- be able to identify visual and vocal symbols that communicate confidence and authority;
- understand the capacity of non-verbal messages to enhance and strengthen the verbal message or, alternatively, to contradict and obscure the message; and
- identify linguistic strategies that advance the speaker's goals.
- Moderator: Nancy Dunbar, Teaching Fellow, Boston College Center for Corporate Citizenship
A Practical Guide to Delivering Value to Society and to Your Business
“21st Century Corporate Citizenship” is a practical guide to building a successful business in the modern day. This workshop is based on the book, which outlines the corporate citizenship tools, trends, and assets at the disposal of business to drive bottom-line results for business and society. This workshop will focus on how to create sustainability and social impact goals that are shared across your company. The authors will talk through real-life examples and share tools and frameworks you can use to make corporate citizenship goals meaningful to everyone in your company.
- Katherine V. Smith, Executive Director, Boston College Center for Corporate Citizenship
- Dave Stangis, Vice President, Corporate Responsibility and Chief Sustainability Officer, Campbell Soup Company
Analog Devices CASE STUDY: Robots for the Win! Building a Successful STEM Partnership with FIRST® Robotics
The social, environmental, and economic impacts of educating and advancing skills in science, technology, engineering, and mathematics (STEM) are a strategic priority for many companies, governments, and NGOs. As you begin to build your STEM programs, how do you choose from so many excellent nonprofit partners? An effective partnership will provide a mutually beneficial partnership that enables both the business and the nonprofit to achieve their goals together.
In this interactive case study, Analog Devices will discuss the key points for choosing and engaging with nonprofit STEM partners as it shares its journey from a grass roots to regional sponsorship working with FIRST robotics. Please join us to learn more about how the company built a multi-platform approach to provide a successful partnership with FIRST robotics and created a robust program that benefited students, employees, and the community.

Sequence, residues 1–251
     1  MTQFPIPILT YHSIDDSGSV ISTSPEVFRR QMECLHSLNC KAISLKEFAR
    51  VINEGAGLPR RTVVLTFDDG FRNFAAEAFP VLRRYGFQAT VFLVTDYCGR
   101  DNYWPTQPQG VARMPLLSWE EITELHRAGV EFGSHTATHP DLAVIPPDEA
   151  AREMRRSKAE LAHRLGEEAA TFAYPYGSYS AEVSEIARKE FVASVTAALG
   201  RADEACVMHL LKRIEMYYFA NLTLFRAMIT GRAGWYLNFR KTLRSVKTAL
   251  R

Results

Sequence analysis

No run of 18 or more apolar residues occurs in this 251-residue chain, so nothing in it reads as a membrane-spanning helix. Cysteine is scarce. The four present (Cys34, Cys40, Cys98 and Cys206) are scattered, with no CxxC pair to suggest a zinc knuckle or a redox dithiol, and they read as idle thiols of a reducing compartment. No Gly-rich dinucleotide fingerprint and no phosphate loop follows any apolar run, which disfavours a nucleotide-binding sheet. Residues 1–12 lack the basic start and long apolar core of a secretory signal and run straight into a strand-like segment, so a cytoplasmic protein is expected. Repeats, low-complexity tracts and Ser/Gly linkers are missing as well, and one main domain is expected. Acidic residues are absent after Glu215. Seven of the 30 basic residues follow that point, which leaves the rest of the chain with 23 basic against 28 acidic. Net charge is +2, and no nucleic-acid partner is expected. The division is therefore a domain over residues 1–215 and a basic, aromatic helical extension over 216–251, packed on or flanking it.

- Maria Tagliaferro, Director, Technology Advocacy, Analog Devices, Inc.
- Colleen Donham, Alumna, Boston College Center for Corporate Citizenship Leadership Academy
Create Value with a Strong Brand and Reputation
Positive brands and reputations have the ability to increase firm market value, attract and retain new employees, increase consumer loyalty, and mitigate risk. While each department has a part to play in building a positive brand and reputation, the contributions of thoughtful environmental, social, and governance investments cannot be overstated. When connected to your brand and reputation strategy, corporate citizenship can increase goodwill, and protect your company’s reputation. Join us to learn how your corporate citizenship program can increase the positive perceptions of your company and maximize value for your company and your cause partners.
- Moderator: Jorge Casimiro, Vice President, Global Community Impact, NIKE, Inc; President, NIKE Foundation
- Patsy Doerr, Global Head, Corporate Responsibility, Sustainability & Inclusion, Thomson Reuters
- Laura Freveletti, Head, Good Starts Young, Corporate Responsibility, Allstate Insurance Company
- Deb O’Connor, Director, Global Corporate Reputation and Community Relations, Whirlpool Corporation
Going Global? Adapt Your Corporate Citizenship Programs for Global Markets
The global economy requires us to think about multiple societal expectations, cultural references, and business practices. In this session, hear from peers who manage the unique challenges of global programs, including working with local NGOs, navigating laws and regulations, and engaging with employees on the ground.